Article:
Challenges and Opportunities in the Hydrologic Sciences
Committee on Challenges and Opportunities in the Hydrologic Sciences, Water Science and Technology Board, Division on Earth and Life Studies, National Research Council
National Academies Press, 16.10.2012 - 175 Seiten
New research opportunities to advance hydrologic sciences promise a better understanding of the role of water in the Earth system that could help improve human welfare and the health of the environment. Reaching this understanding will require both exploratory research to better understand how the natural environment functions, and problem-driven research, to meet needs such as flood protection, supply of drinking water, irrigation, and water pollution. Collaboration among hydrologists, engineers, and scientists in other disciplines will be central to meeting the interdisciplinary research challenges outline in this report. New technological capabilities in remote sensing, chemical analysis, computation, and hydrologic modeling will help scientists leverage new research opportunities.
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1 The Hydrologic Sciences
An Agent of Change
3 Water and Life
4 Clean Water for People and Ecosystems
A Path Forward
Contributors to the Report Challenges and Opportunities in the Hydrologic Sciences
Biographical Information Committee on Challenges and Opportunities in the Hydrologic Sciences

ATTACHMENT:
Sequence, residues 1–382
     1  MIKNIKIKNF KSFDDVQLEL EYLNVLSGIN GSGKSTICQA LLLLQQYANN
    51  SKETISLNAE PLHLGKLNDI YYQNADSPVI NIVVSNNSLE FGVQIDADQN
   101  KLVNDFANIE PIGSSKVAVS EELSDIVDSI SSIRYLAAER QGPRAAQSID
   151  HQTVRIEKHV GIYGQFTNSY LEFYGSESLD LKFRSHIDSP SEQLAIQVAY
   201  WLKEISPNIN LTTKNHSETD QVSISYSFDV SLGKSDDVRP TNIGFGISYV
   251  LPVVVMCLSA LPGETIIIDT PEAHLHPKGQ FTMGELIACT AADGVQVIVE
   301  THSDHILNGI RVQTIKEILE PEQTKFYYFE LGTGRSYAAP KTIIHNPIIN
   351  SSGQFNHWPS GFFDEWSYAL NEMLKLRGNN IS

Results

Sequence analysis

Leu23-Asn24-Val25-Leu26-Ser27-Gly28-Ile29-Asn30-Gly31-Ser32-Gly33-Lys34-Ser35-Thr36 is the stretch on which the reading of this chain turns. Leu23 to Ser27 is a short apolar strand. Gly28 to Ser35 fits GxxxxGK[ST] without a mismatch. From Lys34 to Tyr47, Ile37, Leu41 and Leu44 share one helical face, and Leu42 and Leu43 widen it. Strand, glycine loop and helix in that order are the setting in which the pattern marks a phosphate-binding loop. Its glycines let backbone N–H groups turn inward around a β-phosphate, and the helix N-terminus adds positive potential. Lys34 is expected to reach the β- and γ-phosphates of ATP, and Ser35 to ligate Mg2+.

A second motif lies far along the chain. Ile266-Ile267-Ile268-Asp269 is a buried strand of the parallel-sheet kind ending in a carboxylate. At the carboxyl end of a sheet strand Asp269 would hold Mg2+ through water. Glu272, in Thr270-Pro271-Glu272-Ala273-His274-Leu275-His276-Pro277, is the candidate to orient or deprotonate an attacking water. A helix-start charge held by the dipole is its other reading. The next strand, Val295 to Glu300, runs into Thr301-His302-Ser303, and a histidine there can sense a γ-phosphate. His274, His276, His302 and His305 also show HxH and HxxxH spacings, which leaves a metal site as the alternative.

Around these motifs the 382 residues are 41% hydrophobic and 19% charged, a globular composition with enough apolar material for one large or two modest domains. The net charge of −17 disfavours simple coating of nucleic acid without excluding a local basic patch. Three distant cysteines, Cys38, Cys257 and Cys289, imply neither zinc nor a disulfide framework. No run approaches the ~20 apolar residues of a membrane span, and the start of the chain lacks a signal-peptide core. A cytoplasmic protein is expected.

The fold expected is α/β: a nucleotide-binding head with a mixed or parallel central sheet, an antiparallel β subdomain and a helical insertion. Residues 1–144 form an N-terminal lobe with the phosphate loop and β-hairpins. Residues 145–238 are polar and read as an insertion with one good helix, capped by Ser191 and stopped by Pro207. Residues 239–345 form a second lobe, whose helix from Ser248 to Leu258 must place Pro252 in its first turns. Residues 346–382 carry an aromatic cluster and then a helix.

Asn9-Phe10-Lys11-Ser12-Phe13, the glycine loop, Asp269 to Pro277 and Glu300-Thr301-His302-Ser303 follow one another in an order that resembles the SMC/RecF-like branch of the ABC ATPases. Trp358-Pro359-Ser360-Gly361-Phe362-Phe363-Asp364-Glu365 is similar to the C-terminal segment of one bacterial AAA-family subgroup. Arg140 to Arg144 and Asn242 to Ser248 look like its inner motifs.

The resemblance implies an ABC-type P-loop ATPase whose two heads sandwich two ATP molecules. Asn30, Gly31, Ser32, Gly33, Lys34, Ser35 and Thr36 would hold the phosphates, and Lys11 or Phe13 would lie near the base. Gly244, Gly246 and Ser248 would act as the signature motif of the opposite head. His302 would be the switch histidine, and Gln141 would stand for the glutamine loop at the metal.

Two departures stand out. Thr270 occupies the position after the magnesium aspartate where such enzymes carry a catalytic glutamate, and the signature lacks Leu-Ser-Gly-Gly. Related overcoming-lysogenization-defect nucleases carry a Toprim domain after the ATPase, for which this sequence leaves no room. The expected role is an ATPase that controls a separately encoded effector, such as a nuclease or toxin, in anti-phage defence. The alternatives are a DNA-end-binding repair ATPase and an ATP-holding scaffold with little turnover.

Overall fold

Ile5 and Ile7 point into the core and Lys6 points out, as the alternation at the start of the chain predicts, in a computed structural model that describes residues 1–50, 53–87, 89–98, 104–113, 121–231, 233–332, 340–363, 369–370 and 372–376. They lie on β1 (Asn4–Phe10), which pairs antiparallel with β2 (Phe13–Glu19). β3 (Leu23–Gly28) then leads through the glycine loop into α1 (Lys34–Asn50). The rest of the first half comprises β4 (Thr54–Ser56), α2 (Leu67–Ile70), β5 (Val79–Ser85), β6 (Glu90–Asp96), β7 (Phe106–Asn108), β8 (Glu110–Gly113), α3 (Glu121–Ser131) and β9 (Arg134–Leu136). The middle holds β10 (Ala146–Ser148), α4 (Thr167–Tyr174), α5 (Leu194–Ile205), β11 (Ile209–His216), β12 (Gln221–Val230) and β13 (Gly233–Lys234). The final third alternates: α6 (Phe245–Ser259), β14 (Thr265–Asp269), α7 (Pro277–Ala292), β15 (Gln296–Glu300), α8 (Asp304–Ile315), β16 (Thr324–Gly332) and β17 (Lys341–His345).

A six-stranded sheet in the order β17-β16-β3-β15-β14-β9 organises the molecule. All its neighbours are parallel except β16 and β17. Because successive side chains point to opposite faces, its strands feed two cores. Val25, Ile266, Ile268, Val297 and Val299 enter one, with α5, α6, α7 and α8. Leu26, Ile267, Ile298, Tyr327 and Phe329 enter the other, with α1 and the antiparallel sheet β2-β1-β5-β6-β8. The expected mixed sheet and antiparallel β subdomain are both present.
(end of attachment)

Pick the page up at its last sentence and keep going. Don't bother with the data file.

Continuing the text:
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agriculture American Geophysical Union aquatic ecosystems aquifer areas atmosphere Available online basin biogeochemical biogeochemistry biological biota carbon channel chemical clean water climate change climate models climate system collaboration committee complex contaminants critical disciplines drought dynamics ecohydrology ecological ecosystem services effects energy environment environmental evapotranspiration evolution example exohydrology field Figure flood floodplains flow regimes fluxes freshwater future Geological geomorphology Geophysical geosciences global groundwater habitat heterogeneity human hydrologic cycle hydrologic processes hydrologic science hydrologic scientists hydrologists impact important increased interactions interdisciplinary land landscapes low flow measurements National Academy natural needed networks nutrient organisms paleoclimate plant potential precipitation predict programs recharge regional remote sensing replumbing research opportunities restoration river runoff scales scientific sediment sensor soil moisture SOURCE spatial stream streamflow subsurface surface water Technology temperature terrestrial tion transport U.S. Geological Survey understanding University urban variability water cycle water quality water resources watershed wetlands WSTB